For all their reputation as posh dullards, few bands generate as much liking and loathing as Coldplay. That's been the case since Alan McGee's immortal 'music for bedwetters' jibe five years ago.
Yet Coldplay silenced some of the doubters with 2002's A Rush Of Blood To The Head, where they started shifting toward a similar rarefied territory as Echo & The Bunnymen. On this form, completely dismissing Coldplay began to look very churlish indeed. So what went wrong?
Firstly, X&Y played into their detractors' hands. In place of A Rush Of Blood's roaming adventure came stadium rock by numbers - all gloopy piano ballads, empty air-punching theatrics and lyrics a five-year-old could have written. If this wasn't bad enough, Chris Martin's distinctly un-rock'n'roll manner began to prove equally aggravating: akin to a bumptious medical student during rag week, endorsing Fair Trade, Oxfam and Make Poverty History with enough thumbs aloft gestures to impress Macca.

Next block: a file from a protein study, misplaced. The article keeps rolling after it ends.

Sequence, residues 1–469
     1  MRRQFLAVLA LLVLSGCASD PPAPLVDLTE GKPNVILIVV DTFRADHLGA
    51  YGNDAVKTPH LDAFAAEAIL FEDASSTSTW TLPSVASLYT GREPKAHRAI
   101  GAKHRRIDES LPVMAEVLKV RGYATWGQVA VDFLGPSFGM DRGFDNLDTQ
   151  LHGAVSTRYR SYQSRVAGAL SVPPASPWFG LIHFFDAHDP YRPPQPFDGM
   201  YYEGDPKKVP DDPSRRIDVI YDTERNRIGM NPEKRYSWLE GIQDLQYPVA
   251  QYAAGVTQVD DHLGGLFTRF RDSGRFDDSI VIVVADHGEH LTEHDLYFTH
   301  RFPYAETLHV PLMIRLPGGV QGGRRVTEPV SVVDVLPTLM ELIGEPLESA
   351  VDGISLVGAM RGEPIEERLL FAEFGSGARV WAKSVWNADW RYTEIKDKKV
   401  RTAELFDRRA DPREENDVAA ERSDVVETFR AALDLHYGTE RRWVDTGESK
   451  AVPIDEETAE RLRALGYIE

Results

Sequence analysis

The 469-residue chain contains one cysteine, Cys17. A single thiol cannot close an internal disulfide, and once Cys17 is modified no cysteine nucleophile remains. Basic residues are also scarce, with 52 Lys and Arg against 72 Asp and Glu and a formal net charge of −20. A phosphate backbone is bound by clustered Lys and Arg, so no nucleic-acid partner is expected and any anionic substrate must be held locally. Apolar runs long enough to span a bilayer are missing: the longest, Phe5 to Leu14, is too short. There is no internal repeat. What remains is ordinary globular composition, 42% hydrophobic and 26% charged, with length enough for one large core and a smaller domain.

While still preferable to Thom Yorke's adolescent misanthropy, it wasn't for nothing that one perceptive critic found similarities between Martin's political hand-wringing and that of Tony Blair. All of which has apparently rankled with Coldplay, possibly explaining why their recent live shows have been shockingly good. Coldplay's key strength is uniting anthemic force with gossamer grace and on current form they're pressing those buttons so well, even the mush from X&Y finds much-needed grit and guile. Whether it's enough to banish the posh dullards tag remains to be seen.
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